The Tavush military operations showed very clearly that Armenia could be in the focus of a real hybrid war in a matter of a few hours.
An incredible number of measures were taken against many targets, one of the most important of which was the media. Almost before the military operations began, hacker attacks against the Armenian media began.
Even a strange coincidence was noticed: when the Azeri special forces attempted to infiltrate at night, at the same time a wave of strong DDoS attacks started on several Armenian websites.
Since the situation on the border has more or less calmed down, the main offensive methods do not work, let’s try to understand what lessons the editorial offices and individual journalists can learn from this hybrid war.
It was during the conflict that we talked about the defense mechanisms that allowed us to protect the website, social networks, accounts.
Let’s repeat two key points: To enable DDoS attack protection systems on websites, users, in turn, must have two-factor authentication enabled on all accounts.
And now let’s continue to draw conclusions:
a. It is becoming more and more important that there is at least one person in the editorial office who is used to checking the facts. During such hybrid operations, a huge amount of misinformation is circulated.
Some misinformation is created by professionals, and carrying out inspections has already become a professional job. Especially since the information flows are growing very fast at some points, efficiency is becoming a dominant demand.
In such a situation, fact-checking should not only be a job executed with quality but also fast. Which means that there should be journalists who are accustomed to such actions, and who are not trying to learn it at the moment, in parallel to check the facts.
b․ For journalists working in the field of hostilities, the solution of issues related to military journalism is becoming more and more important. It is clear that journalists must be specially trained. Starting with the knowledge of how not to endanger their lives while being close to the battlefield.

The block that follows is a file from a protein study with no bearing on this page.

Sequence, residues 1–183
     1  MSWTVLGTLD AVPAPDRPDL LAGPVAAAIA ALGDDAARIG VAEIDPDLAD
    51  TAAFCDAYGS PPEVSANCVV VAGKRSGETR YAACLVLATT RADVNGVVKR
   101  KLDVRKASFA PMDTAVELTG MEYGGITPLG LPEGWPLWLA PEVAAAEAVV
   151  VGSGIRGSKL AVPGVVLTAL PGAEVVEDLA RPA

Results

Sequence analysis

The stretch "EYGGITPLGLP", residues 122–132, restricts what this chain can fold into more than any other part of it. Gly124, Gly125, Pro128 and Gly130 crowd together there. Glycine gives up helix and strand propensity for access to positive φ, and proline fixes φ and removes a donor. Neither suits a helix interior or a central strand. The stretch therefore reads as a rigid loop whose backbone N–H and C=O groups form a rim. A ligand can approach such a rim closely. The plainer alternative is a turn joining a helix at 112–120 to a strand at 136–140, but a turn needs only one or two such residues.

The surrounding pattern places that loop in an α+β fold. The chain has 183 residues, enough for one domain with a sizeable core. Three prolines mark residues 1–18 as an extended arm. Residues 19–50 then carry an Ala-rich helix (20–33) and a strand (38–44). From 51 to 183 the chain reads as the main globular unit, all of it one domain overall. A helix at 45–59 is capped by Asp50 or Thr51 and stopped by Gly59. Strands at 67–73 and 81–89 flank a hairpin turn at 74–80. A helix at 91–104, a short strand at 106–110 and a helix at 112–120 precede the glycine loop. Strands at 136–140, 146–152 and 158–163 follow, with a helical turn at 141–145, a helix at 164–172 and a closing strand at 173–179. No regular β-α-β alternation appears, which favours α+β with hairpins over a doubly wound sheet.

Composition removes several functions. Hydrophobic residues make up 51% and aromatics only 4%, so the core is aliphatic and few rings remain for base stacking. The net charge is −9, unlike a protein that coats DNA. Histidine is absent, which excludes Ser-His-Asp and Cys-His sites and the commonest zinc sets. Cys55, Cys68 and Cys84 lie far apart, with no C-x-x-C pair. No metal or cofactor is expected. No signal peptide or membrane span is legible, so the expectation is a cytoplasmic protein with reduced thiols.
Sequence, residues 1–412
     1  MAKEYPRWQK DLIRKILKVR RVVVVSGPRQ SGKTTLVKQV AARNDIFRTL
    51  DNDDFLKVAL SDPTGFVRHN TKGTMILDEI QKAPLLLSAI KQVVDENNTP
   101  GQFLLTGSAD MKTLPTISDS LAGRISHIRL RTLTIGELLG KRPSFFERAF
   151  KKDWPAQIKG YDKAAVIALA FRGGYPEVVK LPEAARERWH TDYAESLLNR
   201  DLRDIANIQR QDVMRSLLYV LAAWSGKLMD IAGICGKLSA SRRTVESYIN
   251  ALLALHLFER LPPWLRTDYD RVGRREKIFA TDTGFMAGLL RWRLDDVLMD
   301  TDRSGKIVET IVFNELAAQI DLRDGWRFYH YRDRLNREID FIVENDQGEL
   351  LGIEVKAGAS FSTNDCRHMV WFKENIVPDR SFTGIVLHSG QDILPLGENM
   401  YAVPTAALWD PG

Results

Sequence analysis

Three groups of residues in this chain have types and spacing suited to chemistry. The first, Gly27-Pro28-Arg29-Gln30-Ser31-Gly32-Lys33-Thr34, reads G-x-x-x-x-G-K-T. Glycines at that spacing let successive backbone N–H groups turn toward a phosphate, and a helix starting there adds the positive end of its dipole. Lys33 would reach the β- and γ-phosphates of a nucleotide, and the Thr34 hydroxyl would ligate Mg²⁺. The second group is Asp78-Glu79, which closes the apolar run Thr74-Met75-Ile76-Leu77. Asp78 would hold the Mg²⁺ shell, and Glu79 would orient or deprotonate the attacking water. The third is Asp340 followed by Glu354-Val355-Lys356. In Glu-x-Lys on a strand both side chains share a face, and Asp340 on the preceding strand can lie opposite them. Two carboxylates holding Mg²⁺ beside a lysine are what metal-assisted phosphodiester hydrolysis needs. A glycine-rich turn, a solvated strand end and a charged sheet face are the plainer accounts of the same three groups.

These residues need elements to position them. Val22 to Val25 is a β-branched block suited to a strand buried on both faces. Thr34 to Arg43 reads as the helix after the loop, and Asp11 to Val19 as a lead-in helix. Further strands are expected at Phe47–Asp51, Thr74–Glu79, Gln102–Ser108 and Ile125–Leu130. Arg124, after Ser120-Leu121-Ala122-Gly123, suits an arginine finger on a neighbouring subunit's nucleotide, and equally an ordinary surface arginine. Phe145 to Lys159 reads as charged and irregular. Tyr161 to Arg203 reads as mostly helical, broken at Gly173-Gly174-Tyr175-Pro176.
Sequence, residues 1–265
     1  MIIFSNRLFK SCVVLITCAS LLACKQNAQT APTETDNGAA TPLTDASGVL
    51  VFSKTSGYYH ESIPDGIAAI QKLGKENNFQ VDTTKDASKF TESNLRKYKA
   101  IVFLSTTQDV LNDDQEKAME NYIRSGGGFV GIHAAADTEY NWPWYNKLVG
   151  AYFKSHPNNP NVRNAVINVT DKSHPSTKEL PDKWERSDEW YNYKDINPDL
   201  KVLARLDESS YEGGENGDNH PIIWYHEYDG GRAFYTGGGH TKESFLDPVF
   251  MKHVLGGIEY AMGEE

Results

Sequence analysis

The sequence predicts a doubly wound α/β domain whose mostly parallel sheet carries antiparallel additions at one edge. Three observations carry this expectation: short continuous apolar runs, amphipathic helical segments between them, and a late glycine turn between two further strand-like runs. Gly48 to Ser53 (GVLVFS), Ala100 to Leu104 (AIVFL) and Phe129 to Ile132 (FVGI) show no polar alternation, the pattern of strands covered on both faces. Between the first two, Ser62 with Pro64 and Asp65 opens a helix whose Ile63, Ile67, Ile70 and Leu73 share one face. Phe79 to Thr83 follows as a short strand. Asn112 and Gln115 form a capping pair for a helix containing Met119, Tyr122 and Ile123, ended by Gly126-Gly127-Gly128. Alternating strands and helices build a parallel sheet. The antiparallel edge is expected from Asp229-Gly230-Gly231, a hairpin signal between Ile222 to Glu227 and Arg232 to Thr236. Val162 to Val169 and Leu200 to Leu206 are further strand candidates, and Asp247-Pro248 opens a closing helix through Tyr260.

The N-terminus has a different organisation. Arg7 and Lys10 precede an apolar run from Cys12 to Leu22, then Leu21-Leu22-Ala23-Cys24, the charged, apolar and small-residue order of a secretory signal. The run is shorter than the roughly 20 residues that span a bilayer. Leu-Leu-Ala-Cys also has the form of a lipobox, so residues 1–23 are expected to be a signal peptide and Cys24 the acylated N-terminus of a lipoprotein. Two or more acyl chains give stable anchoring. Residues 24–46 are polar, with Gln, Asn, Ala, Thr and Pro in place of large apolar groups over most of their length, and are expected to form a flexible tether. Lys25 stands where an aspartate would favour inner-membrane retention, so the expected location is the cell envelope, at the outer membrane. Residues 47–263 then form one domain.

It is necessary to clarify media-army relations.
The army must mark the specific red lines, so that the journalists do not turn to their own intelligence and life experience, having to decide each time what can be published and what cannot.
There should not be a situation when a journalist goes live on the social network during the hostilities, no matter what appears in the background from the border village. And then the Ministry of Defense should not urge not to broadcast live.
The journalist should know this, because the dangers of live broadcasting in such a place, at such a moment must be clearly explained to them.
And the army must publish a document on the clear rules during such hostilities and provide it to all journalists who are covering the hostilities on the spot or online at that moment.
c․ In terms of disseminating information, it is possible to have backup platforms. Even if the site is protected from DDoS attacks, malfunctions are still possible.
After all, the site can be hacked if they find vulnerabilities. And the events in Tavush suggest that, for example, hacking government websites was a pre-planned operation.
That is, the website can be hacked and not touched until the right moment arrives.
Also, the dissemination of information can be stopped if a social network account is blocked. It is no secret that these days the Azerbaijani side has organized mass protests against Armenian organizations on social networks in order to block them.
Experience shows that in the case of a large number of complaints, the account can really be frozen. Or, for example, the views will decrease sharply. In other words, the social network will just start showing their posts to only a few people.
Given this fact, the media should have the widest possible toolkit to disseminate information. Not just accounts on Facebook, Twitter or YouTube. Another channel in Telegram, alternative video channel, for example, on Vimeo, the ability to distribute texts on platforms such as Medium, Zen Yandex, etc.
After such cases, one thing becomes clear: the journalist is already a very multifaceted, complex profession, which presupposes the joint application of humanitarian and technical knowledge.
The views expressed in the column are those of the author's and do not necessarily reflect the views of Media.am.